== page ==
The back cover of this book will give readers the most bare-bone details of Mr. and Mrs. Doctor; that Job and Ifi are a Nigerian couple in an arranged marriage, that Job, “Mr. Doctor,” isn’t actually a doctor, and that this lie puts a strain on their marriage and their life at large. But Julie Iromuanya’s novel is about more than a struggle to keep up appearances. It delves into the nitty gritty details of a culture, a marriage, two people unto themselves, displaced in a strange land that is famed to provide opportunity and riches. From the very first pages, it is painfully clear that this life is not what either Job or Ifi had pictured for themselves.
Superficially, yes, Mr. and Mrs. Doctor is centered on Job’s complete obsession with appearing successful to anyone who might take notice. It is this lie that starts the entire book, and in all the years we are privy to of his and Ifi’s life together, it never abates in the least. This need to be “the Big Man” controls his every action. Most of his thoughts dwell on what others think of him and how ashamed he is of his “lowly” position as a nurse’s aide. This is an area in which I’m torn between wishing some of those thoughts had been deleted from the book, and accepting their repetitions as necessary to show just how obsessed Job is. At times it falls just short of beating a dead horse, and other times it seems that Job actually has a fixation problem. It really depends on how you choose to read it; in either case, it was deeply seeded in my mind as I progressed through the book.
Every night, Job leaves his ramshackle apartment in a lab coat to try and fool Ifi into thinking he is a doctor. But he has been lying to his friends, also originally from Nigeria, for years. I adore this is element. Because Job has been in America long enough to have these old friends, to fail out of school and then find a job in the medical field, I have the sense that the story began before page one, and what is on paper is just a section. It feels elaborate, meaty, complex. This show he puts on for Ifi is a small adjustment to an already existing life-long lie. What’s even more wonderful is that Ifi is no silly housewife. She knows from the instant she puts her bags down in his apartment that he is no doctor. But now that she is his wife, she cannot “out” him to anyone. Doing so would embarrass both of them. She goes so far as to make up her own lies about a big house and expensive furniture in her letters to her Aunty back in Nigeria.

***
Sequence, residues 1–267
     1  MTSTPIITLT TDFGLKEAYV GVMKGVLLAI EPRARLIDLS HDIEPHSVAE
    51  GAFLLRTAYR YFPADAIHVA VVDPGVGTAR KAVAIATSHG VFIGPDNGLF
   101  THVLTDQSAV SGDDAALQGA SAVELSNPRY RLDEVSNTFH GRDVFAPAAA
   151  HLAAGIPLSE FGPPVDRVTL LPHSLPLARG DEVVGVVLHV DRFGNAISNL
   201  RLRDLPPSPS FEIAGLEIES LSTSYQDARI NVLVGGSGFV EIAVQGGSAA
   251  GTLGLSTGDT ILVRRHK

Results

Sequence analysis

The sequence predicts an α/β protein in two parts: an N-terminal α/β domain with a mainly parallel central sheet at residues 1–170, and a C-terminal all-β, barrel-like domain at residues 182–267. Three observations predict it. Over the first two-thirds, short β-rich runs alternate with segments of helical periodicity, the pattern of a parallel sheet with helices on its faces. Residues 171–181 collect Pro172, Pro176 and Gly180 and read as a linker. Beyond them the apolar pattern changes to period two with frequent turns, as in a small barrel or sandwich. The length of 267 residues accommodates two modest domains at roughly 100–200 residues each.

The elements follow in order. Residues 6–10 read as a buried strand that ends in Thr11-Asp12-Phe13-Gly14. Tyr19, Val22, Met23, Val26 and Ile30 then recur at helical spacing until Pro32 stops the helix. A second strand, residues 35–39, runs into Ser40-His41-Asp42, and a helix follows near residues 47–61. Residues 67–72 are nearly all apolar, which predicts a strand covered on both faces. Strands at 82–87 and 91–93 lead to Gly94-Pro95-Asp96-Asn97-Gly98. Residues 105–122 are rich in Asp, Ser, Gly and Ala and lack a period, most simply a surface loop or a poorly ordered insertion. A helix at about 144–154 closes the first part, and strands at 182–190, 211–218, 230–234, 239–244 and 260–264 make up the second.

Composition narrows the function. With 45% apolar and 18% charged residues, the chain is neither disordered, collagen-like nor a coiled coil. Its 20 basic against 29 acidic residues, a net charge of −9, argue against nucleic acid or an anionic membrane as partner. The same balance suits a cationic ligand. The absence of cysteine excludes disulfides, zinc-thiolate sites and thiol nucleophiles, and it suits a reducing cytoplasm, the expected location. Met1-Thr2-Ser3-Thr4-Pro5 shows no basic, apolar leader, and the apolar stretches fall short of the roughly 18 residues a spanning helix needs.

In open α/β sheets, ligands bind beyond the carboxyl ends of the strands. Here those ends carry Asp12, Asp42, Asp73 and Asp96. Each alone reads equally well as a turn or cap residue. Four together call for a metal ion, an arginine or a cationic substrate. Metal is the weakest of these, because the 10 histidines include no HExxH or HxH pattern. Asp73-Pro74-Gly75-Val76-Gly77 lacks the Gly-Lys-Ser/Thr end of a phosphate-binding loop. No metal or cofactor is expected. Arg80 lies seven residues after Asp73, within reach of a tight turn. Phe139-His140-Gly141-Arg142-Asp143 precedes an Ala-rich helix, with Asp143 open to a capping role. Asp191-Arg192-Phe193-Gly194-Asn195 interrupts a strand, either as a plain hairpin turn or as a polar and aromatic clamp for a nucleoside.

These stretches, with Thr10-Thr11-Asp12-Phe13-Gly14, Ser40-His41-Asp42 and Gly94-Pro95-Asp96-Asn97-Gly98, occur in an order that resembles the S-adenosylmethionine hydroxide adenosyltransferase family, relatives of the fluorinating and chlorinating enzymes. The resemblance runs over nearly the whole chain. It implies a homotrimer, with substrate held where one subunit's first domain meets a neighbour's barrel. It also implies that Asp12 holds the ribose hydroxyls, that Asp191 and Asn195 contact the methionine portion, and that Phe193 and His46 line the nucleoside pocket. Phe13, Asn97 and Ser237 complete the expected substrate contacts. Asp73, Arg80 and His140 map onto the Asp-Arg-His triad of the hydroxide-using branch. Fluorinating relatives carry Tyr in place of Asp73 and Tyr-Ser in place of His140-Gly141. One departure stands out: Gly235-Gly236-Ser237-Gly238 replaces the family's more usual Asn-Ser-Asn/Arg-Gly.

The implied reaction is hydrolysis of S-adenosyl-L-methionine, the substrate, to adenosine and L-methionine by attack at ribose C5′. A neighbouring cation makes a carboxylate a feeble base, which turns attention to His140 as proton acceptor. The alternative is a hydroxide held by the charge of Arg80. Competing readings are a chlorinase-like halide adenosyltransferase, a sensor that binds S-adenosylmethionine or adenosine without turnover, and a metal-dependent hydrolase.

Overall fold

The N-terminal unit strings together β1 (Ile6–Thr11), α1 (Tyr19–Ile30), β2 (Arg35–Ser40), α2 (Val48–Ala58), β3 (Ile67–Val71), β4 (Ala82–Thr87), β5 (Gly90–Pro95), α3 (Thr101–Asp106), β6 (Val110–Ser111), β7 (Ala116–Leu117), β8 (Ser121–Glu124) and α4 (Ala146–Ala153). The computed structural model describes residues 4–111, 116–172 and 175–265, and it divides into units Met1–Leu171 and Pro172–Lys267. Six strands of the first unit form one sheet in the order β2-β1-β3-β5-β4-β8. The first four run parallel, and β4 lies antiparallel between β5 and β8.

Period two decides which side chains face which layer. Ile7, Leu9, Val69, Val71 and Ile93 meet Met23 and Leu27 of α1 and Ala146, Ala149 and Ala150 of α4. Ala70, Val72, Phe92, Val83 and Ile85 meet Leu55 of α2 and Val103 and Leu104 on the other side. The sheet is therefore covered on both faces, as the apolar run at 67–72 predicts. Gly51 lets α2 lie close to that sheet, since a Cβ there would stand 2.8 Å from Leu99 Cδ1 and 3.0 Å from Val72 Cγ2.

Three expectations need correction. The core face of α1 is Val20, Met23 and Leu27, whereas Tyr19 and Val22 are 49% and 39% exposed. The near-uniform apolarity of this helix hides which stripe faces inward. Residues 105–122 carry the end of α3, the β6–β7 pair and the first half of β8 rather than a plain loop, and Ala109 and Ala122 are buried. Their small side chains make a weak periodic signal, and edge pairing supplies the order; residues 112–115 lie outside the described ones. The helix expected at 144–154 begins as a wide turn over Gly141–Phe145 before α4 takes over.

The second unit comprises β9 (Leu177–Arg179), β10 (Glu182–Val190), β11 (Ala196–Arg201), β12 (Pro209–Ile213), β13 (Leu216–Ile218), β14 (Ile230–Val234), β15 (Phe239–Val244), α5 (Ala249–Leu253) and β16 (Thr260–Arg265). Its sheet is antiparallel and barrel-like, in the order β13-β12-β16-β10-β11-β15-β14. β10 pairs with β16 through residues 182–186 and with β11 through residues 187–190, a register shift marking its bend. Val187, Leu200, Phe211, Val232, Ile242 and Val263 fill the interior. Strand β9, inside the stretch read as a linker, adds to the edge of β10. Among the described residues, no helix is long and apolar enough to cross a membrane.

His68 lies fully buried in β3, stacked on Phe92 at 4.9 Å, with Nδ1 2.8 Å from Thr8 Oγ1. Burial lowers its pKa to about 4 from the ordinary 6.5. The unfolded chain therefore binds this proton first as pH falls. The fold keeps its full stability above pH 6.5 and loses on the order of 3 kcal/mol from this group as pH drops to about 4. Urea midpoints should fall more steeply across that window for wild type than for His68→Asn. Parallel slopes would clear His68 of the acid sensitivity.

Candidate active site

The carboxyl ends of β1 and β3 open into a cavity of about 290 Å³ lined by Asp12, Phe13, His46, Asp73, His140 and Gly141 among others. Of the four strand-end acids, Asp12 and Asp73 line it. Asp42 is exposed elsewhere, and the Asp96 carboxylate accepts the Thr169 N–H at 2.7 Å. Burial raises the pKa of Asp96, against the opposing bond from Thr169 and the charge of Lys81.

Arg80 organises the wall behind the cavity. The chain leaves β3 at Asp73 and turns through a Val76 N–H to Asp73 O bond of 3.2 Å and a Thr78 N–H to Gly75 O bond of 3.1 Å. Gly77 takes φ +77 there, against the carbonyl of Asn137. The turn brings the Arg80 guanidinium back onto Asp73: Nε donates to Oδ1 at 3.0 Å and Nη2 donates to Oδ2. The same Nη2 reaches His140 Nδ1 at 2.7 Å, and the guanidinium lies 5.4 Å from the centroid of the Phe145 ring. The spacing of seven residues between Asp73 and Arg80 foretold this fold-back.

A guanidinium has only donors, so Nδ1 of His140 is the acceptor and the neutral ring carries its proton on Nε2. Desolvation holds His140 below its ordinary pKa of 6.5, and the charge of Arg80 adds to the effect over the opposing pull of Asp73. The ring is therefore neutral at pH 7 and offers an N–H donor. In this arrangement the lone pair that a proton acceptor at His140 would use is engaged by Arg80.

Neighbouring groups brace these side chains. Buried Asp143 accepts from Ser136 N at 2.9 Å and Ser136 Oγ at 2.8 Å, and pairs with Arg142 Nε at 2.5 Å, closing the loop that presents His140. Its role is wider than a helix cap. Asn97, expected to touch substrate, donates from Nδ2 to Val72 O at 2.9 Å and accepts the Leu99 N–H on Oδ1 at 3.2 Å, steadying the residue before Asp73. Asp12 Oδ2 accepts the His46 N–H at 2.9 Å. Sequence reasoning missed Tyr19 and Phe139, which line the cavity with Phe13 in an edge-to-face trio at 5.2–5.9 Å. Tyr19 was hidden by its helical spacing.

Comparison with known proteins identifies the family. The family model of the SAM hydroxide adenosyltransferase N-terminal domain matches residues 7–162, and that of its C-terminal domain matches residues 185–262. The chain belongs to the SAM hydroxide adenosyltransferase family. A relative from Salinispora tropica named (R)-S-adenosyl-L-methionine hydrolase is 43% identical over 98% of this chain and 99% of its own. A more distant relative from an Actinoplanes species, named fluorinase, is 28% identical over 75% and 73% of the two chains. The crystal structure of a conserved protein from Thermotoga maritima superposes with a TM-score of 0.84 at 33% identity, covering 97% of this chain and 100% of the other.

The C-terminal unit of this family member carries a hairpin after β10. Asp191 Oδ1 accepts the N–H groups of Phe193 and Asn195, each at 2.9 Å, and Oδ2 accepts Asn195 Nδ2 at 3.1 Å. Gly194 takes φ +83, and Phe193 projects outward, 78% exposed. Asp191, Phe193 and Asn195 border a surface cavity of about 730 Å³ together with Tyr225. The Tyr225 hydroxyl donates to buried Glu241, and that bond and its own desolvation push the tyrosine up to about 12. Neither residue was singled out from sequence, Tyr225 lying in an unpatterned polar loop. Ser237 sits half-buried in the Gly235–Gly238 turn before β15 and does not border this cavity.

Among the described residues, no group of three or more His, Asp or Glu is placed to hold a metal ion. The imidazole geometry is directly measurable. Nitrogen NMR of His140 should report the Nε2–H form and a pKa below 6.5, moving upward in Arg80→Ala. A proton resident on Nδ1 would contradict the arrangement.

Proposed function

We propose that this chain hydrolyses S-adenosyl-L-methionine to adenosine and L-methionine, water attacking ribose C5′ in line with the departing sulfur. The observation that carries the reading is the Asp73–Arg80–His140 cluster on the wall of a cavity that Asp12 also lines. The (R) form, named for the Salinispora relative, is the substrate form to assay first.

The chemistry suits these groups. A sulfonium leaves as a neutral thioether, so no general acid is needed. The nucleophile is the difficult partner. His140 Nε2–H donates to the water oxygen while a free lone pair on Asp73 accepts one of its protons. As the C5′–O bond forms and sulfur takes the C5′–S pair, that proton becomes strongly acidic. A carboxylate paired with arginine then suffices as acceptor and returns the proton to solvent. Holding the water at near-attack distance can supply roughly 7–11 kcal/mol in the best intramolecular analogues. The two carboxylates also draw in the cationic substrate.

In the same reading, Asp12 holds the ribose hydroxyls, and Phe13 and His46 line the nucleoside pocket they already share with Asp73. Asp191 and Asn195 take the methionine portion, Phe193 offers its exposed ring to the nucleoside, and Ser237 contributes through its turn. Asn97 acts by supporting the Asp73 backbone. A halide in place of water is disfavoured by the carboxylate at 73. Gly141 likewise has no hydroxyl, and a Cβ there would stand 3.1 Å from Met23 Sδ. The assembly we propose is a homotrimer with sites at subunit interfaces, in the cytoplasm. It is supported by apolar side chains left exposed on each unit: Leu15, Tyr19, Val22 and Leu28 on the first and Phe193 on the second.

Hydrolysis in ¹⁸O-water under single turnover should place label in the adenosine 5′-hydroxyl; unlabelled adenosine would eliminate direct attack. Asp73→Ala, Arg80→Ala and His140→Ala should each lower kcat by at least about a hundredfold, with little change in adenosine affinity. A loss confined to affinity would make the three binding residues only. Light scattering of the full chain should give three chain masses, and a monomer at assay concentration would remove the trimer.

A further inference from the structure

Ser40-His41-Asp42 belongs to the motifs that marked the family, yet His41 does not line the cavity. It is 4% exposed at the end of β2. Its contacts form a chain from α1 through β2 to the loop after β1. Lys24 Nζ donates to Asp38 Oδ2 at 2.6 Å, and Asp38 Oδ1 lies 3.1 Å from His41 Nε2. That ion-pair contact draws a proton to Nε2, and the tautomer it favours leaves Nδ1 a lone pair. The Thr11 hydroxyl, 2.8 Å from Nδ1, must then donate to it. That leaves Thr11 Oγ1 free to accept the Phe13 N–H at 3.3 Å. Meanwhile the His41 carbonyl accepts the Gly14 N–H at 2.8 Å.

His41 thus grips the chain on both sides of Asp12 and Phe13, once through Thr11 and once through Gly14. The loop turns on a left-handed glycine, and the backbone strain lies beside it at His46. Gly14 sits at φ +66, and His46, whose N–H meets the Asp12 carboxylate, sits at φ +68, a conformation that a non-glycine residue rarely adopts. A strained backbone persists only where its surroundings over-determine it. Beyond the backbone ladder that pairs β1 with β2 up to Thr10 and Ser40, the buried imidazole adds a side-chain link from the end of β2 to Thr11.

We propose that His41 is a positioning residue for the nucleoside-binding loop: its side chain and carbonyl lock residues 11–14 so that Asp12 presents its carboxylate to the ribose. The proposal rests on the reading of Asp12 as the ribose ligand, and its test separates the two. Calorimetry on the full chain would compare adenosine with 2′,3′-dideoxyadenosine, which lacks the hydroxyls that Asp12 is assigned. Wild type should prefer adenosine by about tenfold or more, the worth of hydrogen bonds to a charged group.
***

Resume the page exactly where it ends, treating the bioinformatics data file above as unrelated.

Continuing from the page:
From the way Job and Ifi describe their dealings with each other, this unity is common practice where they come from—the two people in an arranged marriage, absent of love, are ultimately a team, no matter how they feel about one another. This is also part of why I like that the principal characters are not American. It’s refreshing to read about an unfamiliar marital dynamic while having that difference take place in America, the perfect balance between recognizable and not. Though Job is desperately trying to live an American lifestyle, the culture he knows still permeates his life. Job chose to marry a woman from Nigeria for a reason. He even says he was lonely, but he didn’t have to spare the effort to marry a Nigerian if that was all he needed. He missed some aspect of his life, and so “bought” a woman from Nigeria (again, seemingly a common practice) to help him maintain some semblance of his culture. I love this part of the book, because it demonstrates that though he professes America to be this wonderful place to build a perfect life, he is not perfectly at home.
My last favorite element: love and the arranged marriage. When Job and Ifi meet for the first time on the night of their honeymoon, both are greatly displeased with each other. There is one small spark of something toward the end of the night (you might call it hope). From the start, their whole marriage is rocky at best. It takes a great deal of time for even small feelings of affection to grow between them. Their time together strangely morphs those feelings into something not quite love, but rather equal parts respect, hate, gratitude, and empathy. Between these 292 pages, Mr. and Mrs. Doctor tells a wonderfully intricate, honest story of two strangers-turned-partners surviving the 21st century American Dream.